Cornwall is a unitary authority and ceremonial county of England. It is bordered to the north and west by the Celtic Sea, to the south by the English Channel, and to the east by the county of Devon, over the River Tamar. Cornwall is the traditional homeland of the Cornish people and is recognised as one of the Celtic nations, retaining a distinct cultural identity that reflects its history. Historically tin mining was important in the Cornish economy, becoming significant during the Middle Ages and expanding greatly during the 19th century when rich copper mines were also in production.
The Lake District, also commonly known as The Lakes, and, often adjectivally, as Lakeland, is a mountainous region in North West England. A popular holiday destination, it is famous not only for its lakes and its mountains (or fells) but also for its associations with the early 19th century poetry and writings of William Wordsworth and the other Lake Poets. It is the largest of the thirteen National Parks in England and Wales, and the second largest in the UK. It lies entirely within the modern county of Cumbria, shared historically by the counties of Cumberland, Westmorland and Lancashire. It contains the highest mountain and he deepest and longest lakes in England.
The University of Oxford (informally Oxford University or Oxford) is a university located in Oxford, United Kingdom. It is the second-oldest surviving university in the world and the oldest in the English-speaking world. Although its exact date of foundation is unclear, there is evidence of teaching as far back as 1096. Most undergraduate teaching at Oxford is organised around weekly tutorials at self-governing colleges and halls, supported by classes, lectures and laboratory work organised by University faculties and departments.
Her Majesty’s Royal Palace and Fortress, more commonly known as the Tower of London, is a historic castle on the north bank of the River Thames in central London, England. It lies within the London Borough of Tower Hamlets, separated from the eastern edge of the City of London by the open space known as Tower Hill. The Tower of London has played a prominent role in English history. It was besieged several times and controlling it has been important to controlling the country. The Tower has served variously as an armoury, a treasury, a menagerie, the home of the Royal Mint, a public records office, and the home of the Crown Jewels of the United Kingdom.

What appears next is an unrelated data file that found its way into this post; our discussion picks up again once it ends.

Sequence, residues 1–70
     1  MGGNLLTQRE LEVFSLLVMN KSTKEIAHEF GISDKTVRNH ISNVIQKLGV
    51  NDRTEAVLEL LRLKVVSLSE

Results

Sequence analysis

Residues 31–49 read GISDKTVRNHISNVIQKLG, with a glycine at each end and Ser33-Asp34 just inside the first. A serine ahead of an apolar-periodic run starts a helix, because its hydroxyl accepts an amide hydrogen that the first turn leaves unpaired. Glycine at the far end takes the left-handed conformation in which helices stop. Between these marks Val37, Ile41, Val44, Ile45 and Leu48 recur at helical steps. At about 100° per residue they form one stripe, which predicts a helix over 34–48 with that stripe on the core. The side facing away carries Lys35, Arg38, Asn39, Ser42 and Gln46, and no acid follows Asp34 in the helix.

City of Westminster is located in the central part of the city of London. There is a number of historical landmarks and visitor attractions including Palace of Westminster, Buckingham Palace, Westminster Abbey and Westminster Cathedral. This borough was created in 1965. The name City of Westminster originate from Westminster Abbey, and live there about 250 thousand people. There will take place some of sport disciplines during Olympic Games 2012.
Just a short walk from the Thames, Westminster Abbey is a must-see and significant structure in British history. This beautiful gothic church is a UNESCO World Heritage Site popular with many visitors to London. Westminster Abbey is steeped in more than a thousand years of history. Benedictine monks first came to this site in the middle of the tenth century, establishing a tradition of daily worship which continues to this day.The Abbey has been the coronation church since 1066 and is the final resting place of seventeen monarchs. The present church, begun by Henry III in 1245, is one of the most important Gothic buildings in the country, with the medieval shrine of an Anglo-Saxon saint still at its heart.
The Palace of Westminster is also well-know English historic monument. Edward the Confessor (1042-1066) built a royal palace in the countryside outside the walls of London. Westminster Palace stopped being a royal residence after a fire in 1512. The Lords used to meet in Westminster Palace and after 1547 the Commons met there too. So it became the Houses of Parliament. In the late 17th century more streets were laid out and grand houses were built further north of the Thames. Pall Mall is named after a game called palle-maille, which was similar to croquet. King Charles II used to play it there. Today Westminster is also known for the Tate Gallery. Other attractions are the Cabinet War Rooms, which opened in 1984 and the Guards Museum.
Buckingham Palace is located in the City of Westminster and is known as the official London residence of Britain’s sovereigns. It has had this function since 1837 when Queen Victoria moved there.
However, the history of the building goes back to 1703 because it was initially built as a private townhouse for the Duke of Buckingham and known as Buckingham House then. Fifty-eight years later, Buckingham House was purchased by George III for his wife Queen Charlotte. It was meant to serve as a comfortable family home and therefore renovated, enlarged and transformed into a palace to meet the King’s requirements. Finally, in 1837 it was acquired by Queen Victoria as the official royal palace. Since then, it has been the sovereign’s official London residence. It has become one of the best known, best visited and most often photographed buildings in the world. Although it is used to host a number of Royal occasions, state entertainment and many official events, some areas of Buckingham Palace are opened to tourists on a regular basis.